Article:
This is just a snapshot of the volume of research that tells us that language-learning and language diversity build transferrable skills that pay dividends in other areas of academic endeavour. But the benefits also go beyond academic study. As the Italian film maker Federico Fellini put it, “a different language is a different vision of life.” In other words, when you learn another language, as well as building your linguistic proficiency, you also broaden your understanding of a different culture, world view or “vision of life” in the process – you build international understanding.

International Understanding is at the heart of the Round Square movement – the first of our core themes, the Round Square IDEALS – and we look for every opportunity to build it: We connect students with their peers around the world in face-to-face conversation, either in-person at conferences and other events, or on Zoom. We know that students learn best when they learn-by-doing and in real-world contexts, and we know that International Understanding can be built through language-learning. Put these principles together, and you arrive at the Round Square Language Labs.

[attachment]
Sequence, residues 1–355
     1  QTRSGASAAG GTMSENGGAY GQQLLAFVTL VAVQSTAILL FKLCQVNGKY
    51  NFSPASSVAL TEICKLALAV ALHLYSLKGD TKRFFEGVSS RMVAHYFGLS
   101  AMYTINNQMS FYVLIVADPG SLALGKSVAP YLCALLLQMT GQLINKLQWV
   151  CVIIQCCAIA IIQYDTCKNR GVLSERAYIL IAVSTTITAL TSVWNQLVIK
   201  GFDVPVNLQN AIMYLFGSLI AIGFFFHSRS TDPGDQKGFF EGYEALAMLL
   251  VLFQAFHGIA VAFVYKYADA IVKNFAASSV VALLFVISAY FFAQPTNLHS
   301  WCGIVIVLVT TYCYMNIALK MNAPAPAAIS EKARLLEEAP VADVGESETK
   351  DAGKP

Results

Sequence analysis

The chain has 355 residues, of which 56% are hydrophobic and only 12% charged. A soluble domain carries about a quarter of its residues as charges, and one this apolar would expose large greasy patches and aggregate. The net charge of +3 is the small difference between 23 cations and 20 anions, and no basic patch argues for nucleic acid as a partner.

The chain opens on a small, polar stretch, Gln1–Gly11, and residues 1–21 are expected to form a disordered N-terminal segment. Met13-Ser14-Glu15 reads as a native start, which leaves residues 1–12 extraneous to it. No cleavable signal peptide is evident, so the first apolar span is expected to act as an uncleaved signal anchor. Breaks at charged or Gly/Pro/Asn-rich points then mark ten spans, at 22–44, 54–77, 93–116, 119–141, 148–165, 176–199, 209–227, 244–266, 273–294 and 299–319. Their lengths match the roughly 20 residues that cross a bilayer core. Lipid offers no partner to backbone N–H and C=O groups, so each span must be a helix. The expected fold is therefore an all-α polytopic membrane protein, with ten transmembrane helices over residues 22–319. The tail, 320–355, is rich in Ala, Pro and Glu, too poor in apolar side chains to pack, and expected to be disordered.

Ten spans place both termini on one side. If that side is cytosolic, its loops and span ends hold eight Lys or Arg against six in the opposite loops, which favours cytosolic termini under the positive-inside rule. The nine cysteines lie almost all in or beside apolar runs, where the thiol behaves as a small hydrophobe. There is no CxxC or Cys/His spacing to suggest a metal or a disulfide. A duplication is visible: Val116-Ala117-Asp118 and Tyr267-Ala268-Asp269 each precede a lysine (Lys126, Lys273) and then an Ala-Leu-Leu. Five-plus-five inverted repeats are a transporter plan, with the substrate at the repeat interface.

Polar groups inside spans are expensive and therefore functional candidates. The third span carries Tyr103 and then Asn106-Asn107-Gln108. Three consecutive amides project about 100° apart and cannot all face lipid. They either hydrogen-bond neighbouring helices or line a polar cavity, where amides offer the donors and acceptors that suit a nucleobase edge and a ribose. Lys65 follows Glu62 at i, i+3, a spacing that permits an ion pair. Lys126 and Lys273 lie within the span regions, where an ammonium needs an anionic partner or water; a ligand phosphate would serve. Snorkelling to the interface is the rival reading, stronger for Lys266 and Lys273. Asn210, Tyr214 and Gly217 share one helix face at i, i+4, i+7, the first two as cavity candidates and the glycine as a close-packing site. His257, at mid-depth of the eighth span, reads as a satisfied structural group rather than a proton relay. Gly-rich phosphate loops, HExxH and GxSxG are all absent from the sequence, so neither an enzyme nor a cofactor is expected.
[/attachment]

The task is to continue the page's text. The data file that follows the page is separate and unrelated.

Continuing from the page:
Our Language Labs are student-led zoom calls, in which the hosts lead conversations in their mother language for their peers, from Round Square schools across the world, who want to learn, and practice, that language. A language lab typically takes place over a series of weekly sessions, each led by students from a different school whose mother-language is the subject of the lab. Recent Round Square Language Labs have included Spanish, French, Chinese, Japanese and Arabic, and the next will be a German Language Lab, with registration opening today.

Around 40-60 students from Round Square schools across the world participate in each Language Lab session, each focused on a different topic, chosen by the host students, and conducted entirely in the host’s mother language. For their Japanese Language Lab, Linden Hall School and Junior & Senior High School of Kogakuin University collaborated on three topics: Nature, Anime and Music. For the Chinese (Mandarin) Language Lab, Keystone Academy, Shenzhen Concord College of Sino-Canada and Ningbo Huamao International School hosted on the topics: Clothing & Customs, Festivals, and Food’. Rahul, a teacher from Ningbo Huamao International School said, “The Language lab was a corridor to know the culture of the world”.

For the Arabic Language Lab, King’s Academy Jordan and Amman Baccalaureate School (ABS) Jordan together hosted three Arabic Language Labs covering the topics of Food Traditions and Everyday Life. Commenting on hosting the Lab, Awn, a Grade 10 student from ABS Jordan said, “Not only did I have the opportunity to share my culture and identity by teaching someone a new language, but I also learned a new language myself – the language of teaching”.